Av8trxx From United States of America, joined Nov 2001, 657 posts, RR: 7 Reply 9, posted (9 years 3 weeks 5 days 23 hours ago) and read 1973 times:
Southfield, MI! Hey that's where I was born.
You are still young and have plenty of time to figure out what you want to do. If you start saving now, you could get your PPL in H.S. I suggest getting your Private and Instrument before deciding to go full on and spend lots of money to pursue a pilot career. Often people imagine what airline life is like, and "living the dream" as an airline pilot is not quite the same as "living the reality" everyday.
True, a fair amount of time is spent away from home, but depending on the company and your base it may not be as much as others. I live 100 miles from my base and often get overnights at home. So, while I am 'gone' on a trip I am at home for one night of 3 overnights too! Plus, some guys get schedules that are 2 day trips (1 night away and then home again) back to back. There are also some schedules that are day trips where you begin and end in domicile everyday. My schedule is 6 on, 2 off, 5 on, 3 off, 4 on and the rest of the month off (even without vacation). I get an overnight at home each week. So while I get worked hard at the start, I have the end of the month off to kick back! The schedules can vary widely by carrier, so it really depends on where (airline) someone works that affects their lifestyle. My trips are all within 500 miles of my base, where other carriers pilots may end up on overnights a time zone or two away from their base.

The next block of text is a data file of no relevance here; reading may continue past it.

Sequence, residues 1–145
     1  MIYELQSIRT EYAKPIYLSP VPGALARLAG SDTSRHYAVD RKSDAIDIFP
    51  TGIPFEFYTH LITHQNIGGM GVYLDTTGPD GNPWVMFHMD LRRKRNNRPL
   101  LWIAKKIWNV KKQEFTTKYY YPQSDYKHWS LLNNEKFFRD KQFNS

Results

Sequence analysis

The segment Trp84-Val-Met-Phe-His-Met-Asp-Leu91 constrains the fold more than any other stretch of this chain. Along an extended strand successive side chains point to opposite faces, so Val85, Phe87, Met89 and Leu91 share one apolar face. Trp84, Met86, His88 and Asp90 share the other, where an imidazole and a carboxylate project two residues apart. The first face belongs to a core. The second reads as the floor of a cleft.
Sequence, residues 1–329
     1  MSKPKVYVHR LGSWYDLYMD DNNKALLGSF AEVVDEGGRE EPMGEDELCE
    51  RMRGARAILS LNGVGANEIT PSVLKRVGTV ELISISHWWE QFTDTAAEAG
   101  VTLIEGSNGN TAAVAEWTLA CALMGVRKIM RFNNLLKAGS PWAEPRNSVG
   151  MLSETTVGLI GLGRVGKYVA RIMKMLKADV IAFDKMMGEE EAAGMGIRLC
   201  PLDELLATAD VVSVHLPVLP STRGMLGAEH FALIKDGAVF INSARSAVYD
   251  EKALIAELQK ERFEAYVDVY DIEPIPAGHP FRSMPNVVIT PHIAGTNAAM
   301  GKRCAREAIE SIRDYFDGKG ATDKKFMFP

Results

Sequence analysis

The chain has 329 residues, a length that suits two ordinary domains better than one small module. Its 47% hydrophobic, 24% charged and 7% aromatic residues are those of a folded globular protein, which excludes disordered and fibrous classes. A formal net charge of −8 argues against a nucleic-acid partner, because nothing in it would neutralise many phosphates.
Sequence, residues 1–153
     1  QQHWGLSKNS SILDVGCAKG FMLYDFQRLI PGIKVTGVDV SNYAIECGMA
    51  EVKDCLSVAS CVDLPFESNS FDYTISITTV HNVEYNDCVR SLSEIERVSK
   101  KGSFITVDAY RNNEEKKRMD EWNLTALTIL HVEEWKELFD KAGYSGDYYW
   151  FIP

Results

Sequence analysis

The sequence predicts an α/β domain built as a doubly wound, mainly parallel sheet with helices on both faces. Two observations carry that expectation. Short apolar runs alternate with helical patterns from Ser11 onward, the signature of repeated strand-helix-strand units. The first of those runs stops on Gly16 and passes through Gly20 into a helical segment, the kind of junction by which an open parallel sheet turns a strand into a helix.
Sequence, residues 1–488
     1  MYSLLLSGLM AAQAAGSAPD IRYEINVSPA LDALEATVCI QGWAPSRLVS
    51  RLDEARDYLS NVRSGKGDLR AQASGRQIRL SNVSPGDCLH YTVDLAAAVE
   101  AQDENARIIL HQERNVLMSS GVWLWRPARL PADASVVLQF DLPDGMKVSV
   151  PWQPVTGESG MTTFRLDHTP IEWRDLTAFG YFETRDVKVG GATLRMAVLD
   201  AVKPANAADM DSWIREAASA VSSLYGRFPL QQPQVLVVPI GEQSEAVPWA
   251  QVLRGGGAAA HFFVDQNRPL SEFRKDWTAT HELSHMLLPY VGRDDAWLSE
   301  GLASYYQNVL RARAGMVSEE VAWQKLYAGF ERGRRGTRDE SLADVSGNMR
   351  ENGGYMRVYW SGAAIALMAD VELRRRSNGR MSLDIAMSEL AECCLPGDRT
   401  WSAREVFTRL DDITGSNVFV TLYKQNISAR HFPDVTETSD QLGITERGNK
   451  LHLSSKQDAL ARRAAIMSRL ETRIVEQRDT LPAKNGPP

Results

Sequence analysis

If you want to get more informed about the career visit http://www.jetcareers.com. It's the premier forum on the web for aspiring pilots. They have message boards to ask advice too.
As far as pay, it's awful start out. Basically is you can get $1800 a month to start, that's good. (Ask your parents what they think about that!) This link is very popular for pay info- http://www.airlinepilotpay.com.